# Finite field and multiplicative group

$F$ is a field such that $F^*= F\setminus \{0\}$ is the cyclic multiplicative group. Prove that $F$ is a finite field.

I am struggling with this problem. We did not consider the material in class and I got stuck with this problem…

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If the multiplicative group $F^*$ is cyclic, it has a generator $a\in F$. Play around with $a$ and see what you can find. Think of the prime subfield of $F$ (you know what that is?), and how it fits in with $a$. – Lubin Nov 19 '13 at 1:28

As another answer has mentioned, since the only cyclic groups are $\mathbb{Z}$ and $\mathbb{Z}_n$, the problem reduces to showing that there is no field $K$ with multiplicative group $\mathbb{Z}$. Every field has one of $\mathbb{Q},\mathbb{Z}_p$, $p$ prime, as a subfield. This means that one of $\mathbb{Q}^*,\mathbb{Z}_p^*$ must be a subgroup of $K^*\simeq\mathbb{Z}$.

The first case $\mathbb{Q}\subseteq K$ is impossible because every subgroup of $\mathbb{Z}$ is of the form $n\mathbb{Z}$, and in particular is cyclic, being generated by $n$. But $\mathbb{Q}^*$ is not cyclic, or even finitely generated! It's also impossible to get $\mathbb{Z}_p^*$ as a subgroup of $\mathbb{Z}$, simply because every element of $\mathbb{Z}_p^*$ has finite order, whereas no element of $\mathbb{Z}$ does other than $0$.

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This doesn't rule out $p=2$. – Derek Holt Nov 19 '13 at 9:07
Actually, I believe it does. I guess you're thinking of the multiplicative structure on the integers where $-1$ has order 2, but the infinite cyclic group is the integers under addition, so the proposed isomorphism $K^*\simeq\mathbb{Z}$ turns multiplication into addition. – Kevin Carlson Nov 19 '13 at 9:59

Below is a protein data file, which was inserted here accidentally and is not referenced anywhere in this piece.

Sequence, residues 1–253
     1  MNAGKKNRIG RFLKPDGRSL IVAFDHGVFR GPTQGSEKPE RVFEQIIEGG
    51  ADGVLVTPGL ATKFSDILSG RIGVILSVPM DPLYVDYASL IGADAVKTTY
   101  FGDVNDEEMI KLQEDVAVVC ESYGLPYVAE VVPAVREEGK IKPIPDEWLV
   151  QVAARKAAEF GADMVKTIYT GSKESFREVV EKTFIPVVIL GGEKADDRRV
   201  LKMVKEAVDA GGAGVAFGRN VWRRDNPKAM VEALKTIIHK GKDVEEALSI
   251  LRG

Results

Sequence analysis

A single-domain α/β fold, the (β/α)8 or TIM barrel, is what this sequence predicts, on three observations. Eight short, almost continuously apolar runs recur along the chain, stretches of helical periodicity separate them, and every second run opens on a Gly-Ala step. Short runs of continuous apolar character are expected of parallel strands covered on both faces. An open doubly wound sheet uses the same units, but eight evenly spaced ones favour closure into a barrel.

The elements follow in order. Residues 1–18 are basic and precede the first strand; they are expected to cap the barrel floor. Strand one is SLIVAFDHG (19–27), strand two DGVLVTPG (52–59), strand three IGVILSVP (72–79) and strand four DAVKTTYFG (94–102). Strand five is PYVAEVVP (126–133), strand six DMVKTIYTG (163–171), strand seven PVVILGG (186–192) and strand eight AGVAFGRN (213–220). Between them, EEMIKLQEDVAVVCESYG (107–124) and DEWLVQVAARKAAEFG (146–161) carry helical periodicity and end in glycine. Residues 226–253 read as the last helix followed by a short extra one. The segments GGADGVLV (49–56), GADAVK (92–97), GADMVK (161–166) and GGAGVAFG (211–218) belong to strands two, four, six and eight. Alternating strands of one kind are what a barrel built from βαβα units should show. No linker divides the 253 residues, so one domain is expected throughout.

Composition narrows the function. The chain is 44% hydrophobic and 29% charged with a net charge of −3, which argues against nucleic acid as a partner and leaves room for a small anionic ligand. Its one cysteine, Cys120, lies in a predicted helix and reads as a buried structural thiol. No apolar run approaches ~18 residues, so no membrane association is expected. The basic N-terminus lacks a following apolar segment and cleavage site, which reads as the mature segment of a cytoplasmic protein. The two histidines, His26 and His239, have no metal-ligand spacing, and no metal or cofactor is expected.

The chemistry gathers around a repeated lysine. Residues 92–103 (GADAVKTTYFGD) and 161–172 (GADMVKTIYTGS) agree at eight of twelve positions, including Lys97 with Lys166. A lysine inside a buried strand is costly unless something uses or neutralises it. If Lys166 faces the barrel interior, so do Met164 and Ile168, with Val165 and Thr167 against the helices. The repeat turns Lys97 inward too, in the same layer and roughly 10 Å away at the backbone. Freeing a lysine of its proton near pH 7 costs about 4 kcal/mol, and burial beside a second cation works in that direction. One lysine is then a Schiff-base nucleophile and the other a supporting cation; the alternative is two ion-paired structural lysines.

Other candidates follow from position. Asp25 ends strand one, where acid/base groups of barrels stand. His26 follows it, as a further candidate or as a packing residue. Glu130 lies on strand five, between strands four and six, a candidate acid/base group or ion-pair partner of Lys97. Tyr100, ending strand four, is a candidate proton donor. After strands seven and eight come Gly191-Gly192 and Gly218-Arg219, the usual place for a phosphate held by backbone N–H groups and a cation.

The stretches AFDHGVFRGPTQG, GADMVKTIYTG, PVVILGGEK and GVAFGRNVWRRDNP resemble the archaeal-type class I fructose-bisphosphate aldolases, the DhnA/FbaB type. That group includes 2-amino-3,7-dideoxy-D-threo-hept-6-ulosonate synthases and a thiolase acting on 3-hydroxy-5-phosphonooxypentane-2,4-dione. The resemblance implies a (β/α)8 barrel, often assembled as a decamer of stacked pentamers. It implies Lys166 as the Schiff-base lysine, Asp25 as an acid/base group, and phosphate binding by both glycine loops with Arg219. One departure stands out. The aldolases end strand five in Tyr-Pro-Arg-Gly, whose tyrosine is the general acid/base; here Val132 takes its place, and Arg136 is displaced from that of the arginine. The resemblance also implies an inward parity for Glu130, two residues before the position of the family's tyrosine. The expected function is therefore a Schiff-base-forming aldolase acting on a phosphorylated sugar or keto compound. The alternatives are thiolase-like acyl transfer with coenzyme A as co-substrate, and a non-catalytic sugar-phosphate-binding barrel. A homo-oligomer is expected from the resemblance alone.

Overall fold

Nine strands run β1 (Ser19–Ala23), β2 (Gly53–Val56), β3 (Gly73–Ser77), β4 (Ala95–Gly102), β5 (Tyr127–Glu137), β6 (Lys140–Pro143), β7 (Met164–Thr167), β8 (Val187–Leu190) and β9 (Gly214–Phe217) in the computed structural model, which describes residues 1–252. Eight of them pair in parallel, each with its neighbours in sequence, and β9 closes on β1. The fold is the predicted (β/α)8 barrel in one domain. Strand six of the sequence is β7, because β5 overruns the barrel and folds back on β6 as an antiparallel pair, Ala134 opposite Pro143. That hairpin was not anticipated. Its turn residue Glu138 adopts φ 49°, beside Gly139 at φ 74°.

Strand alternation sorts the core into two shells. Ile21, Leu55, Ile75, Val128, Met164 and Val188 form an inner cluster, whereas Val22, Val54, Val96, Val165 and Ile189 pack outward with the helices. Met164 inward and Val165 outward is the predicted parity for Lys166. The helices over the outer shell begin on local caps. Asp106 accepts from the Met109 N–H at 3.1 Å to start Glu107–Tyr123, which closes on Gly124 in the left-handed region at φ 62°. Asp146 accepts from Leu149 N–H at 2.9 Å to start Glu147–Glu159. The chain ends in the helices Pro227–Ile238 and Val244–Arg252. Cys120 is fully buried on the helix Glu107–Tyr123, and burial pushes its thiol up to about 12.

Well, if $F^*$ is cyclic, i.e. a unigenerated abelian group, we're in fantastic shape provided the group isn't $\mathbb{Z}$ (it's either that or $\mathbb{Z}/n\mathbb{Z}$, which is wonderfully finite).

So, what would happen if $\mathbb{F}^*$ were isomorphic to $\mathbb{Z}$ - this would mean that there's some element $x$ such that $x^i = x^j \Leftrightarrow i = j \in \mathbb{Z}$, and $F = 0 \cup x^i: i \in \mathbb{Z}$.

Could $F$ be characteristic 0? Well, we would have a map $\mathbb{Q} \rightarrow F$, and so we would have $2 = x^i, 3 = x^j$, extending to a map $\overline{\mathbb{Q} } \rightarrow \overline{F}$, where the bar denotes algebraic closure, we would have $x$ is some $\zeta_i 2^{1/i}$ and $\zeta_j 3^{1/j}$, where $\zeta_i$ is an $i^{th}$ root of unity; raising both sides to the $(ij)^{th}$ power, we have $2^j = 3^i$, a contradiction.

Could $F$ be characteristic $p$? Well, in all characteristics, we would know that $x + x^2 = x^i$, whence $F$ would be a unigenerated algebraic field extension of $\mathbb{F}_p$, whence finite.

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Let $a$ generate $F^*$. Assume $F$ is not finite. Then, $\langle a \rangle \cong \mathbb{Z}$. Since $\mathbb{Z}$ has no torsion, we have $1 = -1$. Thus, $\operatorname{char} F = 2$.

Since $a \neq 1$, $a + 1 = a - 1 \neq 0$ so $a + 1 = a^i$ for some $i \neq 1$. If necessary we can replace $a$ by $a^{-1}$, so we may assume that $i > 1$. Then,

$a = a^i + 1 = (a + 1)(1 + a + \ldots + a^{i - 1}) = a^i(1 + a + \ldots + a^{i - 1})$, so $1 + a + \ldots + a^{i - 2} = 0$. This gives $a^{i - 1} = 1$, a contradiction.

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